Courtesy Reuters


Half a century after it began, the nuclear drama has reached the conclusion of its first act--a rather happy ending in spite of the gloomy prospects for civilization that darkened the stage at the outset. This respite, though, is not a lasting redemption from the dangers of nuclear warfare. Whether by accident, because of a terrorist act, or as part of a military campaign, a nuclear bomb might explode someday, unleashing forces that would transform the international system far more profoundly than did the collapse of the Soviet empire. The end of the present era, in which nuclear weapons are plentiful but never used, would be sudden, and the major nuclear powers are ill prepared for the revolution in strategic thinking this event would compel.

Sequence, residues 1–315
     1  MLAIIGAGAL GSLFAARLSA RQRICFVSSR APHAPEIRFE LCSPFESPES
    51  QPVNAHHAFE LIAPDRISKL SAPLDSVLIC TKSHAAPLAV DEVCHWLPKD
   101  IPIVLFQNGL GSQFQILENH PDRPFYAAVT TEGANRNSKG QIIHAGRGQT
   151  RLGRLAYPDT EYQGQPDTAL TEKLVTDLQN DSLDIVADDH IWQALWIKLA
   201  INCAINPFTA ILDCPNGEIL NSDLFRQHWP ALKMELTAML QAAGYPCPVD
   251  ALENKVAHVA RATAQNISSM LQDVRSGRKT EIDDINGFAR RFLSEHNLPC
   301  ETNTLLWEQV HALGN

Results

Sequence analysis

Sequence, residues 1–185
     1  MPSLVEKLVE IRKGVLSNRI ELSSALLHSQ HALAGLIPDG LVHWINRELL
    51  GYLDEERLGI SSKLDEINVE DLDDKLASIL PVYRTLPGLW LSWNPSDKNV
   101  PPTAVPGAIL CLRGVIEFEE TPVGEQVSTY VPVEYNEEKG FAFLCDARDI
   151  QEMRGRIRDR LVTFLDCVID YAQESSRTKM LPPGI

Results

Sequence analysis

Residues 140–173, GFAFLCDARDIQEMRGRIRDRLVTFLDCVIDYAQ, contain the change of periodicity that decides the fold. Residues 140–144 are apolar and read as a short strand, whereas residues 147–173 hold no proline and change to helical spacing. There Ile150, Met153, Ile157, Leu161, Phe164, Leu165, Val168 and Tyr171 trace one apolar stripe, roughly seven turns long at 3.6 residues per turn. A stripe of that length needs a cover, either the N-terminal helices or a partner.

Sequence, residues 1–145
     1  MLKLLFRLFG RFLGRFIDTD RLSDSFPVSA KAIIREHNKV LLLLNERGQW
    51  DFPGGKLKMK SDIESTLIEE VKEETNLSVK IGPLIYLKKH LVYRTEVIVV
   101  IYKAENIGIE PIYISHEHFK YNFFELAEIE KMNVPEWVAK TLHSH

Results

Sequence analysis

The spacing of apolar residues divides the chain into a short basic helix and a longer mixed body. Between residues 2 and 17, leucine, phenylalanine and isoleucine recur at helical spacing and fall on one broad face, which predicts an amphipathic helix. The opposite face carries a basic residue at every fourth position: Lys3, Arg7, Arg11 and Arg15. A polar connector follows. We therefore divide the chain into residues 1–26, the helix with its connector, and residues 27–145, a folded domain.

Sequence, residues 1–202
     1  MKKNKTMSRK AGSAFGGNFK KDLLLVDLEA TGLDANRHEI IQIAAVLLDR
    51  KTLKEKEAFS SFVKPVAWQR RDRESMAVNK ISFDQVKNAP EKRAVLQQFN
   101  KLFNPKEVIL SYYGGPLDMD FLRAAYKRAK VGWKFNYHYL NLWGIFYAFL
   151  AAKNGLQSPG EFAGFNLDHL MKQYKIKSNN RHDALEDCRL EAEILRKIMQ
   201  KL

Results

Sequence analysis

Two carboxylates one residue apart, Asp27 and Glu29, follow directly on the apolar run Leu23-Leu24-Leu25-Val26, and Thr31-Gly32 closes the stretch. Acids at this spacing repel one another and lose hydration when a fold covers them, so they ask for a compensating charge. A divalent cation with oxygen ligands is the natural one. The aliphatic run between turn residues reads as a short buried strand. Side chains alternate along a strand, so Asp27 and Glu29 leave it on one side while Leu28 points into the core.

Fifty years ago the atomic devastation of Hiroshima and Nagasaki had an immense emotional impact. The long period

This article is part of our premium archives.

To continue reading and get full access to our entire archive, you must subscribe.

  • Fred Charles Iklé was Under Secretary of Defense for Policy in the Reagan administration and Director of the U.S. Arms Control and Disarmament Agency under President Ford. He is affiliated with the Center for Strategic and International Studies.
  • More By Fred Charles Iklé